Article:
Science in fiction

I write futuristic novels that I describe as “science in fiction”. This is partly to make it easier for me to write the story, partly because it is easier for me to construct more intricate plots, but it is also to try to show what science is about. I think this is important, because I believe that in the future society will have to make a number of decisions that will greatly affect how society progresses, and if many of these decisions involve something related to science, would it not be preferable that such decisions were made in a reasoned fashion, rather than through sheer ignorance?

 Arguably, this might be a difficult goal, as shown by the following quote from Carl Sagan: “We live in a society exquisitely dependent on science and technology, in which hardly anyone knows anything about science and technology”  – a somewhat depressing quote. What I find more depressing is that on the whole, most people do not care that they know next to nothing about it. Does it matter if nobody understands anything about science? While as a scientist I am biased, I still think it does. So, what can we do about it? The approach I am following is to try and introduce the concepts through my books. But what is science?

There are many TV programs about science, but many of those are of the “gosh” nature: they show a number of extraordinary things, and they are extremely attractive to watch, but I am unsure what lasting impact they make. There are a number of so-called “hard” SF books, and again they entertain, but only a few of them show what science is. Science is NOT about the collection of facts, although observations of facts are necessary for science to proceed, and most scientists spend most of their time collecting and archiving such facts. Science is also not about making great new gadgets; that is invention. Nevertheless, while scientists might spend most of their time doing that, that is not what science is about. Science is really a way of thinking, and that, more than anything else, is what society needs.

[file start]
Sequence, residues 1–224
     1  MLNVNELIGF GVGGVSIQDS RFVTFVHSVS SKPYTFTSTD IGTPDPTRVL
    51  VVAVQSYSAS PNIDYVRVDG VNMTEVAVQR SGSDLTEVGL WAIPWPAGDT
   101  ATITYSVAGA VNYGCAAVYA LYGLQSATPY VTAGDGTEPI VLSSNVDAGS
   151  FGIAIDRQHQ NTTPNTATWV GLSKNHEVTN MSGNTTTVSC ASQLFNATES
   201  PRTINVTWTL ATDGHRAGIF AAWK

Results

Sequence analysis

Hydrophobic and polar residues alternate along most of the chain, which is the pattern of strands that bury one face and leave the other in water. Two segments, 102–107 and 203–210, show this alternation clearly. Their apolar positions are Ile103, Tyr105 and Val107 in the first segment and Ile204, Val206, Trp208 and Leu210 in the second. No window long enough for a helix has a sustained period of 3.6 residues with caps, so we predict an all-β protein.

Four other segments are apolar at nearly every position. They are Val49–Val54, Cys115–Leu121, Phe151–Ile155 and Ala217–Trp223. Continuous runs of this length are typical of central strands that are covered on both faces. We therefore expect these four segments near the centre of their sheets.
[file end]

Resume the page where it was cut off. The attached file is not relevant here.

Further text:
The scientific method proceeds through conditional propositions. Thus a scientist might say, “If theory A is correct, and if I do B, then I shall see X.”  He then does the experiment, and if he sees X he is happy. If he does not, then there is a problem. He might check to see if there are any other theories that might predict what he sees, but more likely is that he will check his apparatus, because the usual reason for failure to see what theory predicts is there has been a mistake. The relevance to current society is that we will have to say, “If we wish to get to X, we shall have to do B, as defined by A.” If we do not choose a desirable destination, we can be reasonably sure we shall not get to it because it is an unfortunate fact of life that achieving desirable goals tends to take more effort than drifting into undesirable ones. There is a small subgenre called lablit that portrays science in action, by involving the lab in the plot, but again, that is usually about scientists, and not so much science.

Of course you cannot write fiction like propositional logic, but you can show that sort of thing. Rather than the hero prevails through sheer dumb luck, or total incompetence on the part of others, what I try to do is to have the protagonist work out the answer through a logical approach, by thinking out a solution. That procedure involves the protagonist making observation throughout the book, then drawing conclusions from them, then acting on them.

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